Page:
Mohr’s circle is a two-dimensional graphical representation of the transformation law for the Cauchy stress tensor.

That’s why I never understood what it was when I was getting my undergraduate degree. For any real geotechnical engineers, you don’t need to read this article. See you next week.

Mohr’s circle is very simple. In 1882, Christian Otto Mohr developed the graphical method for analyzing stress known as Mohr’s circle and used it to propose an early theory of strength based on shear stress.

Okay, let’s visualize an element of soil in the ground. A piece of dirt if you wish. This soil element is below level ground. The soil element is under a vertical load (i.e., a vertical stress), symbolized by σ_{v}. There is also a horizontal stress. In a normally consolidated soil, the vertical stress is greater than the horizontal stress, symbolized by σ_{h}. In this case, the ratio of horizontal to vertical stress is called coefficient of Earth pressure at rest, and is symbolized as K_{0}, and K_{0} = σ_{h} / σ_{v}. At any depth Z, the vertical pressure, σ_{v} = γZ. Where γ is the unit weight of soil.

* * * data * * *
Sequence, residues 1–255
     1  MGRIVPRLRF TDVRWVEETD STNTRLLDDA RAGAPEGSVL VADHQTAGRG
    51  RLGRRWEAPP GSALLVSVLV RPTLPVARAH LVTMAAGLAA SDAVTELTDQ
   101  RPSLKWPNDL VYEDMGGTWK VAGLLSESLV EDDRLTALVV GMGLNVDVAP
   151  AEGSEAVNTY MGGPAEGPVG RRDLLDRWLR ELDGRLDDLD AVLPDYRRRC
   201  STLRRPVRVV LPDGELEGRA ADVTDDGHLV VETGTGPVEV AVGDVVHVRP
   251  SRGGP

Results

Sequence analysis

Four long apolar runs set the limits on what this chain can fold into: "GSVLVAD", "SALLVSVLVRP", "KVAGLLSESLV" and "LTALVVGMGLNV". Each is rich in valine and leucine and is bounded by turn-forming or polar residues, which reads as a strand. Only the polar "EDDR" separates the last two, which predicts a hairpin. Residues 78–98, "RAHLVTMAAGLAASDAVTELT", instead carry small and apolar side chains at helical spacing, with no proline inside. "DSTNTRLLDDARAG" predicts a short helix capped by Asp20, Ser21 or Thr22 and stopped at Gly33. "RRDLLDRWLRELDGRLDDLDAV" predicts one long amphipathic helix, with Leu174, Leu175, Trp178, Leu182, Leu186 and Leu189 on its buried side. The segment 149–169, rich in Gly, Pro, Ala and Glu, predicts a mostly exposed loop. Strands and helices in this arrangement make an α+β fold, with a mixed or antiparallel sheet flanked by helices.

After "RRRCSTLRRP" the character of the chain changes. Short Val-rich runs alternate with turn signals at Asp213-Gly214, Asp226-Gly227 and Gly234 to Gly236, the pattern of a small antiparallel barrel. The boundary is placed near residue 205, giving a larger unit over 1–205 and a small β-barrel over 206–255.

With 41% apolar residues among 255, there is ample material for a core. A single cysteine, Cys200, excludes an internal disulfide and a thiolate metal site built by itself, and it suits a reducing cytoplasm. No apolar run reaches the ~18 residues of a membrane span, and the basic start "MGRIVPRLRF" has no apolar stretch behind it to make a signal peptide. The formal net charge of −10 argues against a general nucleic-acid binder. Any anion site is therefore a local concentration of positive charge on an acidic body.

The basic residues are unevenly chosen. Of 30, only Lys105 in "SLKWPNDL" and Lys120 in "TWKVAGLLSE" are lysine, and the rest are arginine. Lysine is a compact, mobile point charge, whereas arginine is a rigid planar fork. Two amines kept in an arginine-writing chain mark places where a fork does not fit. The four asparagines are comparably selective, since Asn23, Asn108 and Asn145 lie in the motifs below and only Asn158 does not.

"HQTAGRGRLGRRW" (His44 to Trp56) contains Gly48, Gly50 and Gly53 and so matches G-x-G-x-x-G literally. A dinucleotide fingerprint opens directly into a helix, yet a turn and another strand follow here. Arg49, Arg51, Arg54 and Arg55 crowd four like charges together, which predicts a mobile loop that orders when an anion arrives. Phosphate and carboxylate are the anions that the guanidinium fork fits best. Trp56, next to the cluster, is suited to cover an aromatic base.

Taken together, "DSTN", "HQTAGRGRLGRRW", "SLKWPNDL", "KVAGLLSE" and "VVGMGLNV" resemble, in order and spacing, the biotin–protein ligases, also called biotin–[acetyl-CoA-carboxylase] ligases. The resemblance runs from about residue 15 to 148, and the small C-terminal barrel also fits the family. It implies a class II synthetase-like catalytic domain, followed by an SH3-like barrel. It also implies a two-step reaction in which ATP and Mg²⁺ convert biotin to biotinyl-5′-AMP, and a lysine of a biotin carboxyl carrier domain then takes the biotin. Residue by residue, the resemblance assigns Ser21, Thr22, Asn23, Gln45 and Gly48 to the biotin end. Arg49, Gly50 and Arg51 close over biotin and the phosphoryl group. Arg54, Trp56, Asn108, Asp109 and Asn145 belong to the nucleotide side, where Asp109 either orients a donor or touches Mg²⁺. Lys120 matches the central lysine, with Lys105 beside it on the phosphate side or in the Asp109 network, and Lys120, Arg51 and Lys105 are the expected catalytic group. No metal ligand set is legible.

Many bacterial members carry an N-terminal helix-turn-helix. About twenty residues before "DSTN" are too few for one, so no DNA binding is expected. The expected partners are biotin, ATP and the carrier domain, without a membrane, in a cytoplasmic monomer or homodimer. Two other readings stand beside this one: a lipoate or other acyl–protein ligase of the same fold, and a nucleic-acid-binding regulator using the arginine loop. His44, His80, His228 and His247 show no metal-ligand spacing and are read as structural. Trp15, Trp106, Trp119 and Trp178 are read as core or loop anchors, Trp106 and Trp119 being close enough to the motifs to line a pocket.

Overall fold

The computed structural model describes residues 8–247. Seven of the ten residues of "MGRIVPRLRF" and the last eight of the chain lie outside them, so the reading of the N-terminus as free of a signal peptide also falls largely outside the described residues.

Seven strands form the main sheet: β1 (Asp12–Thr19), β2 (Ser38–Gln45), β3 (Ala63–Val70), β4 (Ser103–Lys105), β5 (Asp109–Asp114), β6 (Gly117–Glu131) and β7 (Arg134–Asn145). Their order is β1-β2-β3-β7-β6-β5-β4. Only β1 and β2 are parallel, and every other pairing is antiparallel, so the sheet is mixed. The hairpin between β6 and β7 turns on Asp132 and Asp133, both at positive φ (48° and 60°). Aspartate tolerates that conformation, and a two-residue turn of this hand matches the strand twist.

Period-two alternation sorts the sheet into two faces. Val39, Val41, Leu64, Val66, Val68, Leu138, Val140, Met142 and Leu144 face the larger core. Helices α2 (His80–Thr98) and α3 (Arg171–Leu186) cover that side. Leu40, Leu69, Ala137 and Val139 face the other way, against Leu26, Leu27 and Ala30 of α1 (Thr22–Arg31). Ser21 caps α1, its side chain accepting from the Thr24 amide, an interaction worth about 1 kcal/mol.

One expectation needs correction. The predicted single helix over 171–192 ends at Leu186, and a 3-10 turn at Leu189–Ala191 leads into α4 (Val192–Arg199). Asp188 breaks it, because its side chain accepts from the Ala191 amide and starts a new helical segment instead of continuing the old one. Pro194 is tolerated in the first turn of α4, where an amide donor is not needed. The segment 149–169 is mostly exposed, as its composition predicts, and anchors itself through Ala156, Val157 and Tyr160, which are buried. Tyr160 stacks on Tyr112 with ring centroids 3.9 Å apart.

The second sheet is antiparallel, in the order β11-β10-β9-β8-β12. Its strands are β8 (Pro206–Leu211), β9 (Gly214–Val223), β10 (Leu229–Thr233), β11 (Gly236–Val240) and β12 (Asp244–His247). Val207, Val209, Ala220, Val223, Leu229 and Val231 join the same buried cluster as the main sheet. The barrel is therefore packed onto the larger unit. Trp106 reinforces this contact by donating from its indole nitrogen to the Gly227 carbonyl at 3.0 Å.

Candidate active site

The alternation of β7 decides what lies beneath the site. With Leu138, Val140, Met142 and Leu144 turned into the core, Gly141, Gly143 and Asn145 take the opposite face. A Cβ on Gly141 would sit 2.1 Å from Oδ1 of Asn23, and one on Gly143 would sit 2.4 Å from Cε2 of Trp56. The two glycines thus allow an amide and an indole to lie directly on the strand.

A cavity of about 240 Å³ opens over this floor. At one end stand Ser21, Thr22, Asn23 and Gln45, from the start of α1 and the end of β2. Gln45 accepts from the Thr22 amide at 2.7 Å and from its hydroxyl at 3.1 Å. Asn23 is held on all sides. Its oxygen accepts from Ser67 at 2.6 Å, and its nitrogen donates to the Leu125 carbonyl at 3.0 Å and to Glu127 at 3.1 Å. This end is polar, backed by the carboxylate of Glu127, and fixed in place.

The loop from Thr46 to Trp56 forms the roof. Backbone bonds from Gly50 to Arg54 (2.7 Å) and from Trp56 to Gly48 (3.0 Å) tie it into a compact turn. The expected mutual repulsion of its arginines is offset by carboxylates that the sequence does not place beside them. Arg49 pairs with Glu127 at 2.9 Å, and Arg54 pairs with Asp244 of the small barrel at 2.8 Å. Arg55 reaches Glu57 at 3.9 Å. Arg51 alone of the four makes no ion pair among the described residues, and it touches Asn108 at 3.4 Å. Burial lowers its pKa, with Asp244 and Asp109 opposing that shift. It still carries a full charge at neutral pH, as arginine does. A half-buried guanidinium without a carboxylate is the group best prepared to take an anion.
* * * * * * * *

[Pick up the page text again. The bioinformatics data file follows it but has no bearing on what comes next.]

The value of K_{0} depends upon the relative density of soil, and the process by which the soil deposition has taken place. If the process does not involve artificial tamping, the value of K_{0} ranges from about 0.4 for loose sand to 0.6 for dense sand. Artificial tamping increases the value of K_{0}.

Commonly, K_{0} is defined by K_{0} = (1 – sin f’), so for a soil with a 30^{o} friction angle, K_{0} = 0.5

Where were we, oh yes, Mohr’s circles.

Let’s work out an example, using U.S. Customary Units. Say the soil density is 115 pounds per cubic foot (pcf). The friction angle is 30^{o}. The depth of our soil element is 10 feet.

So, σ_{v }= γZ = 115 pcf * 10 feet = 1150 pounds per square foot (psf).

If K_{0} = σ_{h} / σ_{v} then σ_{h} = K_{0} * σ_{v}

Given K_{0} = (1 – sin f’), then K_{0} = (1 – sin 30^{o}) = 0.5 (as already stated), so,

σ_{h} = K_{0} * σ_{v} = 0.5 * 1150 psf = 575 psf

And now we can plot this.

Notice the two points on the Mohr circle. They are the vertical and horizontal stresses.

The angle of friction (i.e., the failure envelope) is also plotted. The circle is not touching the failure envelope. It isn’t at failure. It is just in a condition of K_{0} consolidation. If our little soil element becomes buried deeper (without tamping), the circle will grow, shift to the right, and still touch the K_{0} consolidation line. Okay, it will be tangent to the K_{0} consolidation line.

It’s really very simple! And now you know Mohr!